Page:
Mandragore is an oddball little scent: a sparkling bergamot rendered both candy-like and vaguely un-edible by the adjunction of star anise, black pepper, ginger and mint. A poison – or potion – disguised as a sweet. The effect is that of chewing on a citrus rind and burning your tongue with the pungent, fragrant oil. Perhaps that’s the idea behind giving such a perky fragrance the name of a fetid-smelling plant, known for its toxicity as well as its hallucinogenic, aphrodisiac and magical properties (fecundated at the foot of the scaffold by a hanged man’s sperm and extracted at the full moon, the man-shaped mandrake root could turn into a homunculus who would bring its owner great wealth and numerous offspring.)
Camille Goutal has said that the idea behind the name had a lot more to do with reading Harry Potter than with black magic. But I suspect someone at Goutal may have had a sly sense of humour when they presented Mandragore in a purple bottle, and added “pourpre” as an adjective to the name of the new flanker: “Mandrake Root” is a song from Deep Purple’s debut album in 1968. Not necessarily a fragrant association, but there you go: this is the Wikipedia school of blogging. Though I kind of like the idea of a Deep Purple perfume.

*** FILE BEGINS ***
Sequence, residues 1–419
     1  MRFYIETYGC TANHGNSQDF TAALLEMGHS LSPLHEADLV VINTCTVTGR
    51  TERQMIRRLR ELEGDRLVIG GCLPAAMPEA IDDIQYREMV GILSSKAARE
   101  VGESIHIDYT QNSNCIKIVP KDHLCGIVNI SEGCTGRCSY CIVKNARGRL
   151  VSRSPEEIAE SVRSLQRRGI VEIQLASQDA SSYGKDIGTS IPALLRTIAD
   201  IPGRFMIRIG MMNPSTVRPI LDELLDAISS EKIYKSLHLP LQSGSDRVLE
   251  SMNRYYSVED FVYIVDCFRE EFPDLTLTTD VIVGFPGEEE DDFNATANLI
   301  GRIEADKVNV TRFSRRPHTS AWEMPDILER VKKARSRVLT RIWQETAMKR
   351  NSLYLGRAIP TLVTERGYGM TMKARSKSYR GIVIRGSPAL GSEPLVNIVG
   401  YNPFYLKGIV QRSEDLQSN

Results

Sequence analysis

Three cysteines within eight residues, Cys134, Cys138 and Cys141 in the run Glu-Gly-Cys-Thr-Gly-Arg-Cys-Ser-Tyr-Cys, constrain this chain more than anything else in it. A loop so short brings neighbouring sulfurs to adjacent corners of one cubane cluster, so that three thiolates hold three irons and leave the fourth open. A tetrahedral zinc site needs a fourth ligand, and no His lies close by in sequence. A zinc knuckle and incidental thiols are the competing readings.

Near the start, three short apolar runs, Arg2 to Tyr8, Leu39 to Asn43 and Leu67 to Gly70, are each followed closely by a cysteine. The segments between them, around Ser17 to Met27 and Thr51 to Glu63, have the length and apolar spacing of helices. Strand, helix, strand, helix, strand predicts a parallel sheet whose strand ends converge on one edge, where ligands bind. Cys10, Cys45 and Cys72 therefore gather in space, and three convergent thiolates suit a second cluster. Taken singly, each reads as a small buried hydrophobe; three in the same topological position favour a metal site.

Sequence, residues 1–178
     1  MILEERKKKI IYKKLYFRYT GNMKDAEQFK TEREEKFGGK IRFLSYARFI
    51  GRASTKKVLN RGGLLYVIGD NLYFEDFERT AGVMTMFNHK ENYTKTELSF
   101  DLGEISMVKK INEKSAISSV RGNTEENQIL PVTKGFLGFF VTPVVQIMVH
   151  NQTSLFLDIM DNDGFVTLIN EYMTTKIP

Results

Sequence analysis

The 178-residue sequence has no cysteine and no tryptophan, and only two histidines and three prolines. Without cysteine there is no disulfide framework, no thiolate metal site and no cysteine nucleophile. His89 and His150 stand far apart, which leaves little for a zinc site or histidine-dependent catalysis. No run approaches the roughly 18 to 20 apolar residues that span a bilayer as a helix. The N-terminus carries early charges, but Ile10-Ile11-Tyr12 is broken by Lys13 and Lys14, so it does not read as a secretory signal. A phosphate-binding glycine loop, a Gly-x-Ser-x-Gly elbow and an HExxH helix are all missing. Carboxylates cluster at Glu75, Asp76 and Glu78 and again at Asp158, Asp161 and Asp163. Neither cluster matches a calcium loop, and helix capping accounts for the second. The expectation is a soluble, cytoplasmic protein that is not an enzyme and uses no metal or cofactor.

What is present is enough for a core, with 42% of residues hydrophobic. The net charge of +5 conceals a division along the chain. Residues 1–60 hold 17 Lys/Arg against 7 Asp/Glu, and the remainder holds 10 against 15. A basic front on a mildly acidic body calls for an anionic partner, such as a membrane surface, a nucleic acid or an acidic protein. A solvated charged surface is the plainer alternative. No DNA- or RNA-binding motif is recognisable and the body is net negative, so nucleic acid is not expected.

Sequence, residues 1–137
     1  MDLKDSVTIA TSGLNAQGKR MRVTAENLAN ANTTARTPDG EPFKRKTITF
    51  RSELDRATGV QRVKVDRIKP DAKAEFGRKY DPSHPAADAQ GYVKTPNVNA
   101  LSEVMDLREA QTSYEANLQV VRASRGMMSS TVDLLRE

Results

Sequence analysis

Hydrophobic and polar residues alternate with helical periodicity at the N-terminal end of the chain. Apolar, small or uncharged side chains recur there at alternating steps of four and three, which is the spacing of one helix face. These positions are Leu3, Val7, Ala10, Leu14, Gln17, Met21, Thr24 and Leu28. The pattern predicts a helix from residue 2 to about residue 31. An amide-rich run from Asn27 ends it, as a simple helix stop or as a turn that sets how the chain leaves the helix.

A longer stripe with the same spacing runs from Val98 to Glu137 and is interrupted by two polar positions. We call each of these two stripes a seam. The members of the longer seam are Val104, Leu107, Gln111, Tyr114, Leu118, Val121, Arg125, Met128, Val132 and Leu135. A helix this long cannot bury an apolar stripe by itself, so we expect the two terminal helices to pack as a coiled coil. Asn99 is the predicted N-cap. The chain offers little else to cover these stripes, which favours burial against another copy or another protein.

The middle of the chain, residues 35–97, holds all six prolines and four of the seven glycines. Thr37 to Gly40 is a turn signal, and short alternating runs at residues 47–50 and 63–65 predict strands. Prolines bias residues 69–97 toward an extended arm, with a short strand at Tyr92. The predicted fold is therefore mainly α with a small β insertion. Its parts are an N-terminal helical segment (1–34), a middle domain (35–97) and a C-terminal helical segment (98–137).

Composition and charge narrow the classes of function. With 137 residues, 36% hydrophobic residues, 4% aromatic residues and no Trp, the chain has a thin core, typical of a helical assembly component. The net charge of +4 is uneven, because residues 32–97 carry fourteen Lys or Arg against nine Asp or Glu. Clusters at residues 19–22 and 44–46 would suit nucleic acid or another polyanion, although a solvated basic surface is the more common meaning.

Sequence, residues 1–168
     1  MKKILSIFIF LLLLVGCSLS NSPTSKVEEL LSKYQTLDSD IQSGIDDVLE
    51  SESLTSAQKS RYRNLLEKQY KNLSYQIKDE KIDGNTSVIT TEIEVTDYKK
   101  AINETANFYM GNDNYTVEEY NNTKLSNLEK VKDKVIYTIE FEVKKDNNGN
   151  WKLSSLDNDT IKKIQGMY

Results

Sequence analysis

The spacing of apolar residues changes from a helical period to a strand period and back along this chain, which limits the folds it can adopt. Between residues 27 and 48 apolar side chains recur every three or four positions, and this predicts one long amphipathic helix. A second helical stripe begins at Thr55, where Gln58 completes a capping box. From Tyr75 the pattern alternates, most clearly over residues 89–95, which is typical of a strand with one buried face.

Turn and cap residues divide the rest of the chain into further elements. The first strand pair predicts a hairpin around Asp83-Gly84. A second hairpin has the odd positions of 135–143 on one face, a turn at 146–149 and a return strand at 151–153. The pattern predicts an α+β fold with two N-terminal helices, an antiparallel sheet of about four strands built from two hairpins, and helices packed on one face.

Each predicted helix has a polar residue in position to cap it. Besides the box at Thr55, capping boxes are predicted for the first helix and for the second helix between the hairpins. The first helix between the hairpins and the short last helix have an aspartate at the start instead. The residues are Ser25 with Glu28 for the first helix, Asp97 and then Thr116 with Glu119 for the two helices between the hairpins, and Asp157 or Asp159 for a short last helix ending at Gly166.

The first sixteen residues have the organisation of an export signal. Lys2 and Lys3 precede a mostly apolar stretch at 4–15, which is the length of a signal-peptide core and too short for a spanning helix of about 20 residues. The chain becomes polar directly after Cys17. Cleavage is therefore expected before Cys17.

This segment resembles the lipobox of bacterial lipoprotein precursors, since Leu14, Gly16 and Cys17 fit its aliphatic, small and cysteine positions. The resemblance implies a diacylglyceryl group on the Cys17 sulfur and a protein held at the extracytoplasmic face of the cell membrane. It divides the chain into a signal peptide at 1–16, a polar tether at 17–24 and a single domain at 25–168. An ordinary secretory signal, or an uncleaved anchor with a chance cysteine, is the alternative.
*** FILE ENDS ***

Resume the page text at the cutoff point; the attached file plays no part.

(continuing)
Mandragore Pourpre is to Mandragore what Les Nuits d’Hadrien are to L’Eau d’Hadrien: an orientalized version of a citrus splash, with a deeper, patchouli-amber base.
Mandragore’s original notes are bolstered by the addition of new, contiguous but more tenacious notes. The aromatic facet of bergamot is intensified and prolonged by rosemary and myrtle, which gives Mandragore Pourpre an almost medicinal opening. Incense adds a cool, burnt note to the black pepper. With its anise-like roundness, heliotropin prolongs and diffuses the star-anise note, while geranium intensifies its coolness feel. Amber deepens and softens the ginger.
While it is longer-lasting than the famously fleeting Mandrogore, Mandragore Pourpre still doesn’t hang around for more than three or four hours, but in its initial stages, it’s got quite a bit of throw. And though it’s a flanker, it’s still very much its own strange little potion of a fragrance – the offspring of Annick Menardo’s Lolita Lempicka and Germaine Cellier’s Monsieur Balmain, conceived under a full moon by Isabelle Doyen. Now that’s quite a coven of witches, isn’t it?
Image: Mandrake the Magician bubblegum card.